My Vision of Dramaturgy

Recently, I took classes on dramaturgy. It surprised me. I had a really bad vision of dramaturgy from the 1990s. That’s when I heard about the Rent lawsuit and the Dramatists Guild’s statements about it. Because of that, my vision of dramaturgy involved dramaturgs being interlopers. They were people who theaters imposed on playwrights and who might even steal work or credit from them!

Not true. The classes opened my eyes to the benefits of dramaturgy. Not only that, but I honestly believe that if there was a dramaturg on some of my own productions, I would’ve been spared some awkward and painful experiences. And it got me thinking how I wouldn’t mind becoming more involved with dramaturgy.

The teacher asked us all to write a kind of mission statement as to how we would see ourselves as dramaturgs. This is a draft of my vision of dramaturgy. Obviously it will evolve with time.

Because I’m also a playwright, I am interested in preserving the intention of the script and empowering the playwright in the new play process. I am always shocked by how often theaters are changing words without the playwright’s permission or even subverting themes to serve the director’s vision. I’ve also attended several acting classes in various cities/states in this region where the director/teacher has told students playwrights don’t write their own stage directions in published scripts. On a personal note, I’ve had bad experiences getting my own plays produced, with directors shutting me out of the process, rather than viewing me as a resource. In this way, my role would be more as mediator/conflict resolution in the new play process between director and playwright.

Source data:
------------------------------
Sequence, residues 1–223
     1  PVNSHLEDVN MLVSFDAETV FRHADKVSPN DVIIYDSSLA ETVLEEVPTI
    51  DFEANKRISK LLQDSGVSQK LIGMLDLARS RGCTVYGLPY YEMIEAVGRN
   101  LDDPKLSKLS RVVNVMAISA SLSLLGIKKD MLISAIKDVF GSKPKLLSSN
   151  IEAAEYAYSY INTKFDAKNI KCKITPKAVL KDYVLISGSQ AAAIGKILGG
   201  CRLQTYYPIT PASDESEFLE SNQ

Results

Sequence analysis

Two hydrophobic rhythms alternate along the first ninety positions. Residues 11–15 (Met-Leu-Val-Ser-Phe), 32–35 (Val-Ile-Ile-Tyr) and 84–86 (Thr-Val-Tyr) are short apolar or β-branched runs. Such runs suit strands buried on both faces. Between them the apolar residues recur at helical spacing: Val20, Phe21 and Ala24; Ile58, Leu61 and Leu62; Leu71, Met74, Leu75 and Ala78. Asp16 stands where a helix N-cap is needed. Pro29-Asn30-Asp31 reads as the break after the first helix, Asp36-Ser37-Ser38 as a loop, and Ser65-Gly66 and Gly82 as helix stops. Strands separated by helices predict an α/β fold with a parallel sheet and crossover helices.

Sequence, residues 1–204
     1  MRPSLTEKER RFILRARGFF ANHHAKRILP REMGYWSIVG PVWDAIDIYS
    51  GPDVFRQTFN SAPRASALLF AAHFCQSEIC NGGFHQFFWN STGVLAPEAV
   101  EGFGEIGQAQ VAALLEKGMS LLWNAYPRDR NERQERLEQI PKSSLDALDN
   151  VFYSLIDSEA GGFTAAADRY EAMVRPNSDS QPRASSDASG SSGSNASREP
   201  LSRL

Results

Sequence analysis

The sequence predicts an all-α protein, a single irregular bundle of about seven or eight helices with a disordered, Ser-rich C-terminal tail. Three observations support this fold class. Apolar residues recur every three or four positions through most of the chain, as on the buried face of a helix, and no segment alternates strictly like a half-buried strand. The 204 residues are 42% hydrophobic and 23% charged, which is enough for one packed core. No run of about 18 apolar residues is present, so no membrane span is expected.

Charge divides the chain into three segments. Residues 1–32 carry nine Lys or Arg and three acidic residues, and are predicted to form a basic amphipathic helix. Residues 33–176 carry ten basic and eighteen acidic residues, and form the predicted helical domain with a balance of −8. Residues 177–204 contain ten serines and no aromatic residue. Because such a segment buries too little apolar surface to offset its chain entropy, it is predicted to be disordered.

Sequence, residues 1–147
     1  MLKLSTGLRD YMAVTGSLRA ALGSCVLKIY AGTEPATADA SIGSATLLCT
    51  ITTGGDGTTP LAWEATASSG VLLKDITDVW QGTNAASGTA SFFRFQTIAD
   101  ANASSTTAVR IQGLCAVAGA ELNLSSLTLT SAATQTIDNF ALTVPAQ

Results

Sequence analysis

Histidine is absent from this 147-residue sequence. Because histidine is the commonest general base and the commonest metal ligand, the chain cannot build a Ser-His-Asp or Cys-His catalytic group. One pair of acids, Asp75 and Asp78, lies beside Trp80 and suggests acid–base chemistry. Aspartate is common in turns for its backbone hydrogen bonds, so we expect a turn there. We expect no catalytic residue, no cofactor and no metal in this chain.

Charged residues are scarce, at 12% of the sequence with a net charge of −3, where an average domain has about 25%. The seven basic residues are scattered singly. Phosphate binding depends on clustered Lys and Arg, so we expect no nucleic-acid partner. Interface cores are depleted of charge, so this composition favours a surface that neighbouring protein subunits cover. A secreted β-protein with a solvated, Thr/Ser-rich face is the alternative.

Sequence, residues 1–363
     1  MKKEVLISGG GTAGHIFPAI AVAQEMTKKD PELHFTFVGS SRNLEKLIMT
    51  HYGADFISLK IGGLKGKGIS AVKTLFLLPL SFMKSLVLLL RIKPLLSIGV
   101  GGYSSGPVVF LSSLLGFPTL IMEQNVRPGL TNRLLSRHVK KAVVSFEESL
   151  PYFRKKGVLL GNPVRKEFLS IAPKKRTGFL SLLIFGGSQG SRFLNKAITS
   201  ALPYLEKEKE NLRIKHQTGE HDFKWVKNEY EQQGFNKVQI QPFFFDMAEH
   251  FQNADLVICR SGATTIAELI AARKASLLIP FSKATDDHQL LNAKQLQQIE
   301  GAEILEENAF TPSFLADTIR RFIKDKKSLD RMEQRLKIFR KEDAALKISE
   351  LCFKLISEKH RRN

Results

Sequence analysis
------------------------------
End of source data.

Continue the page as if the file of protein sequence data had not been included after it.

I would like to bring voices from rural areas to the mainstream. Living off the beaten path has helped me realize that the cultural exchange between cities and rural areas has been one-sided. When I have made this observation before, many people jump to the conclusion that I’m talking about politics or conservative values. That is simply not true. I’m talking about what transcends all of that – what binds us together as human beings. I believe art from places that are usually unheard in theater will enlighten and inform people who live in cities. Many times you aren’t getting the full story if your primary information source is cable news.